Peter explains to both groups that he understands where the machine came from and what it is capable of doing. He tells them he tore holes in both universes that both lead to the room they are in, that he has created a bridge so they can begin to work together to fix...And then the big cliffie happens! Peter vanishes and no one says a word.
The last scene shows at least 9 observers looking up at our Staue of Liberty.
December and September's brief conversation will run in a loop through our subconsciouses for the next 19 weeks or so:
December: You were right. they don't remember Peter.
September:How could they? He never existed. He served his purpose.
It's going to be a long summer, I'm afraid.
Things In This Episode That Reminded Me of Other Episodes
- Injured Peter being wheeled down the hall on a gurney-reminds me of Olivia in the same position in 2.01, "A New Day In The Old Town."
- The bar code in future Ella's arm-reminds me of the Over There subcutaneous tracker AltBroyles had in his arm in 308, "Entrada."
- The electrolight blinking red-red-red-green-is the opposite sequence of the first amber canister Over Here in 314, "6B."
- Moreau blowing up the Opera House-reminds me of the Orpheum Opera Houses both Over There and Over Here in 222, "Over There:Part 1" and 223, "Over There:Part 2", respectively.
- A wormhole in "Sheep's meadow"-reminds me of the sheep going crazy in 320, "6:02AM EST," and of that Fringe music video that came out almost 2 years ago with the sheep in the circle.
- "We were finally able to amber it over."-reminds me of the first time we hear of amber Over Here in 103, "The Ghost Network," and "quarantine amber Over There in 223, "Over There:Part 2."
- "Some kind of light bomb"-reminds me of that great lightbomb Olivia(and Peter?) disarmed in 114, Ability."
- Vortex on the Thames TV footage-reminds me of the TV footage of the vortex in the East River in 308, "Entrada."
- Senator Broyles spooky right eye-reminds me of David Robert Jones' spooky right eye in 1.20 "There's More than One Of Everything."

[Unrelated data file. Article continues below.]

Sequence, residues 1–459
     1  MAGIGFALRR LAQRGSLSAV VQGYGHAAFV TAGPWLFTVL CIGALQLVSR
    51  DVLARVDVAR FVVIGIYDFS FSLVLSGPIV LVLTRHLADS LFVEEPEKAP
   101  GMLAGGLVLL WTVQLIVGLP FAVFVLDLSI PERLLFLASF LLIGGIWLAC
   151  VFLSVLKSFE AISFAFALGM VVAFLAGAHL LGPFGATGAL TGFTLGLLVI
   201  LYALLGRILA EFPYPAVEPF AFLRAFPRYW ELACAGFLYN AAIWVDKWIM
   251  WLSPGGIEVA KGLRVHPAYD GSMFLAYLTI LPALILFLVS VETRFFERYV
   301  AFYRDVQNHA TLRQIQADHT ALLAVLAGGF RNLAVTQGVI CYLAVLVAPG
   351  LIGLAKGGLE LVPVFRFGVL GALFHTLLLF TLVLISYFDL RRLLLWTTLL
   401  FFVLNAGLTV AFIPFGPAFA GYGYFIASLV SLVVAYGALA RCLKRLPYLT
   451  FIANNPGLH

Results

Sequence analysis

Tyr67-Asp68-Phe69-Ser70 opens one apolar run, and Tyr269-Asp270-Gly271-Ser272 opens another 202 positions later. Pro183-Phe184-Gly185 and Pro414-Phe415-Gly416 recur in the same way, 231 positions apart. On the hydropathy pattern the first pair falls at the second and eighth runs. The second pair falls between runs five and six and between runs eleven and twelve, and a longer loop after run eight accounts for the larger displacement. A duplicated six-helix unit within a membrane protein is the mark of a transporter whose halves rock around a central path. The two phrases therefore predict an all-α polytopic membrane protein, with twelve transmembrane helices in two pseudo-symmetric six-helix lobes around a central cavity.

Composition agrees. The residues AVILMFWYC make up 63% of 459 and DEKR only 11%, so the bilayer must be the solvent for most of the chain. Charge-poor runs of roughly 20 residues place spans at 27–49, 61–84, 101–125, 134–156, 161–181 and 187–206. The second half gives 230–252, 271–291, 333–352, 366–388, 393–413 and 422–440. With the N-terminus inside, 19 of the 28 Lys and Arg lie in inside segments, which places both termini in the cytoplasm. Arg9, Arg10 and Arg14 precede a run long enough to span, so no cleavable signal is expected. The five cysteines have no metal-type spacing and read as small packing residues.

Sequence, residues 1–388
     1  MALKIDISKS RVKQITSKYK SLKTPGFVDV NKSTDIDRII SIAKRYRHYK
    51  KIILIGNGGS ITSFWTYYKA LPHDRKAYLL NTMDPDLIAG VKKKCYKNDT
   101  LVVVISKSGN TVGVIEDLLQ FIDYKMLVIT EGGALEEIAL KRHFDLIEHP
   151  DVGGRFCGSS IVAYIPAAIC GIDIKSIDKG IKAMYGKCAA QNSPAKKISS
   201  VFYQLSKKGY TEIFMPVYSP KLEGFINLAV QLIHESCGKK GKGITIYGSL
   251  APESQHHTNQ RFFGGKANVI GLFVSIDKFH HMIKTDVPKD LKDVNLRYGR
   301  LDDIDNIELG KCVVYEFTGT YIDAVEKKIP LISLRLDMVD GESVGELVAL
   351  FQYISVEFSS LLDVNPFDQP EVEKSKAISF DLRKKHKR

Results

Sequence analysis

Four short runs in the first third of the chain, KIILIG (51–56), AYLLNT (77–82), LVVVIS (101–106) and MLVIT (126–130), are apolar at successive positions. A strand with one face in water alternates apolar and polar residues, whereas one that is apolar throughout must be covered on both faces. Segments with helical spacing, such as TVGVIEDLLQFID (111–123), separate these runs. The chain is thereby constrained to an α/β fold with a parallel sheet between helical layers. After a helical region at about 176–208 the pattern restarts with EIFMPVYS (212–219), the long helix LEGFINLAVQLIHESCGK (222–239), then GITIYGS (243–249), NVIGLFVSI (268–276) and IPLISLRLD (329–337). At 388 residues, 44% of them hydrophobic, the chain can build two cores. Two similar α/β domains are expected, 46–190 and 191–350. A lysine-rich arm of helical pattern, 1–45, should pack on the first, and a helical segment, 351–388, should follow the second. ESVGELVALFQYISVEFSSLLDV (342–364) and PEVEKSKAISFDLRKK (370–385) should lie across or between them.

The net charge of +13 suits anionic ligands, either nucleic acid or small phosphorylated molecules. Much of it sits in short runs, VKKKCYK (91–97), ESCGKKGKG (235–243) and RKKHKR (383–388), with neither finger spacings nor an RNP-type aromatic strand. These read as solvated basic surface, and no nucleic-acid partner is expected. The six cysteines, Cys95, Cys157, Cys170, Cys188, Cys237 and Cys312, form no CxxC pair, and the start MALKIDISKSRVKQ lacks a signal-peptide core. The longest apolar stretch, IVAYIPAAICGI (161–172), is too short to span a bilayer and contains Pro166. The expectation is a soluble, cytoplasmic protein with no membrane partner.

- Peter calling Broyles "Phillip"-reminds me of Walter and Broyles calling each other by their first names in 329, "6:02AM EST."
- Future Peter bringing future Walter Red Vines-reminds me of Walter eating one while performing an autopsy in 2.01, "A New Day In The Old Town," Walter putting a label on them in 220, "Brown Betty," and Broyles staring at a Red Vine in 319, "Lysergic Acid Diethylamide."
- "No matter who's at fault, you're my dad"-reminds me of the only other time Peter called Walter "dad'' in 219, "The Man From The Other Side."
- Revisiting the bridge in Central Park-reminds me of when they tried to meet with William Bell Over There in the same area in 222, "Over There:Part 1." And Terrorist Moreau with his black hood up-reminds me of "Dark Peter" in 311, "Reciprocity."
- The cabin at Reiden Lake-reminds me of episode 315, "Subject 13," and of Walter on the ice of Reiden Lake in 216, "Peter."
- "If I could take back that choice I would"-Peter's tone, expression, and seatedness in this scene remind me of his apology to Olivia in 309, "Marionette."
- Olivia getting shot between the eyes-reminds me of Olivia shooting Shapeshifter Charlie Francis the same way in 204, "Momentum Deferred."
- Peter sad and drinking alone-reminds me of Walternate and Peter's Over Here mom drinking alone in 315, "Subject 13." It also reminds me of Peter and Broyles drinking when Olivia was comatose in 201, "A New Day In The Old Town."
- Olivia to Peter:"Are you doing that?"-reminds me of when Peter asked Olivia "What was that? How did you do that?" after she disramed the lightbomb in 114, "Ability."
Things That Struck Me About This Episode:
- Peter released within hours of almost bleeding out-We need that technology!
- The look on Moreau's face while he enjoyed the opera music-for some reason reminded me of the phantom listening to Christina sing in Phantom Of the Opera.
- The gray credits-we need to do a separate article on these!
- Astrid talking about her father's sermon on the End of Days-1)Who is her father? 2) Doesn't the description of a savior on the last day coming to end the suffering and take people into Heaven remind you vaguely of the story of Azrael the nun told to Dana Gray in "Stowaway?"
- Senator Broyles-They don't explain how he got to be Senator. Maybe he'll be a senator again in another unniverse? In one of the recent Pinkner/ Wyman interviews, JH Wyman hinted we may hear more about what happened to Broyles in Detroit.
- Future Walter had a stroke-John Noble did a good job making it appear that way.